Wall Street rebounds on economic rescue hopes

March 25, 2020 07:18
The Dow Jones Industrial Average soared 11.37 percent on Tuesday, its biggest one-day percentage gain since 1933. Photo: AFP

The Dow soared on Tuesday to its biggest one-day percentage gain since 1933, after US lawmakers said they were close to a deal for an economic rescue package in response to the coronavirus outbreak, injecting optimism following the biggest selloff since the financial crisis.

All three main US stock indexes rebounded strongly from Monday’s brutal selloff as the coronavirus outbreak forced entire nations to shut down.

Senior Democrats and Republicans said they were close to a deal on a US$2 trillion stimulus bill, aimed at providing financial aid to Americans out of work and help for distressed industries.

The proposal would include a US$500 billion fund to help hard-hit industries and a comparable amount to send direct payments of up to US$3,000 to millions of US families, as well as US$350 billion for small-business loans, US$250 billion for expanded unemployment aid and at least US$75 billion for hospitals.

The legislation adds to aggressive action announced by the Federal Reserve in recent days, including purchase of corporate bonds and announcing that the US central bank will make direct loans to companies.

King Lip, chief investment strategist at Baker Avenue Asset Management in San Francisco, said expectations on the stimulus bill were driving optimism on Wall Street, but said his firm was still waiting to buy back into the market.

“With all of this stimulus, we just need a catalyst to spark the fire,” Lip said. “That spark will be a peaking of the cases, and when it starts to come down, I think that’s when everything gets lit up.”

Investors were also pleased after President Donald Trump said he was considering how to restart parts of business life when a 15-day shutdown ends next week, even as the highly contagious virus spreads rapidly and poorly equipped hospitals struggle with a wave of deadly cases.

A separate proposal in the US House of Representatives to grant airlines and contractors a US$40 billion bailout lifted the S&P 1500 airlines index by 15 percent.

The severity of the spread of Covid-19 and expectations of aggressive stimulus measures have whipsawed financial markets and ended Wall Street’s 11-year bull run.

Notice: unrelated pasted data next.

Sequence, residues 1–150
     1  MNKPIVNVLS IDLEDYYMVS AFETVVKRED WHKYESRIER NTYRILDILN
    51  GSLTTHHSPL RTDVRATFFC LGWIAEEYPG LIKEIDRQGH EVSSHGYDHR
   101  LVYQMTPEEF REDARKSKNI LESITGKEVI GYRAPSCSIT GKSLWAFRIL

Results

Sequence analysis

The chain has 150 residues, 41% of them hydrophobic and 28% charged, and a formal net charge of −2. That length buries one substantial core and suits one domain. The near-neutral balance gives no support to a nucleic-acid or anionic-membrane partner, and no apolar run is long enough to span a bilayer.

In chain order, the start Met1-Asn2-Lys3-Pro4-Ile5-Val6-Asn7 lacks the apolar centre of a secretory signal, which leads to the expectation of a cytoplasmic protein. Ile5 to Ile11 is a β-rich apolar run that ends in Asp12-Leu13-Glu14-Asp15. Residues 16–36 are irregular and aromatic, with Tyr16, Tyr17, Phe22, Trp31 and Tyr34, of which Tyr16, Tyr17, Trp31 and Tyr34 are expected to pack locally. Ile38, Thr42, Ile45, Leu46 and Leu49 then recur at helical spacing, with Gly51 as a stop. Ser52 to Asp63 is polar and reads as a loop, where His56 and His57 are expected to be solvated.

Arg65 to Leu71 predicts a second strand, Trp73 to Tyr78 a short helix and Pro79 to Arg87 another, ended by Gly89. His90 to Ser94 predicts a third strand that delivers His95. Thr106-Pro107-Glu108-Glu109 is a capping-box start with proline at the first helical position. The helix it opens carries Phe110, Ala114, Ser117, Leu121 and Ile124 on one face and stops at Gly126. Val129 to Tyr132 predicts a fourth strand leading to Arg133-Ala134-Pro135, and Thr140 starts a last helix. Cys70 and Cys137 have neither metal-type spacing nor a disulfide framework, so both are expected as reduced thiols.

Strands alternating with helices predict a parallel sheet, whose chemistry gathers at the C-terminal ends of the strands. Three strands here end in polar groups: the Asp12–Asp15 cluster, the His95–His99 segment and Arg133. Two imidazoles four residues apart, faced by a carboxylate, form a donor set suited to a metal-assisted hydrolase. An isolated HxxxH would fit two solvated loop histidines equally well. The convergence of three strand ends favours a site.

Boeing Co. powered the Dow’s gains, jumping nearly 21 percent after chief executive Dave Calhoun said the planemaker expected the 737 MAX jet to return to service by mid-year. Its shares have lost nearly two-thirds of their value so far in 2020.

Data on Monday showed US business activity hit a record low in March, bolstering expert views that the economy was already in a recession.

Traders were still weighing the uncertainty of the path of the coronavirus outbreak.

“We don’t know how long it’s going to take to peak. We don’t know how to treat it. We don’t have a vaccine. So all of those uncertainties are causing a myriad of aftershocks,” said Nancy Perez, senior portfolio manager at Boston Private Wealth in Miami.

The Dow Jones Industrial Average soared 11.37 percent to end at 20,704.91 points, while the S&P 500 jumped 9.38 percent to 2,447.33. The Nasdaq Composite rallied 8.12 percent to 7,417.86.

Many investors remain braced for more volatility ahead, however. The trajectory of the coronavirus pandemic remains uncertain, while its economic toll is becoming increasingly clear.

US unemployment could hit 30 percent and second-quarter economic output could be half the norm, St. Louis Federal Reserve President James Bullard told Reuters in an interview.

Some investors see “a lose-lose situation”, said Michael O’Rourke, chief market strategist at Jones Trading. “You either break the healthcare system or you break the economy.” Reuters

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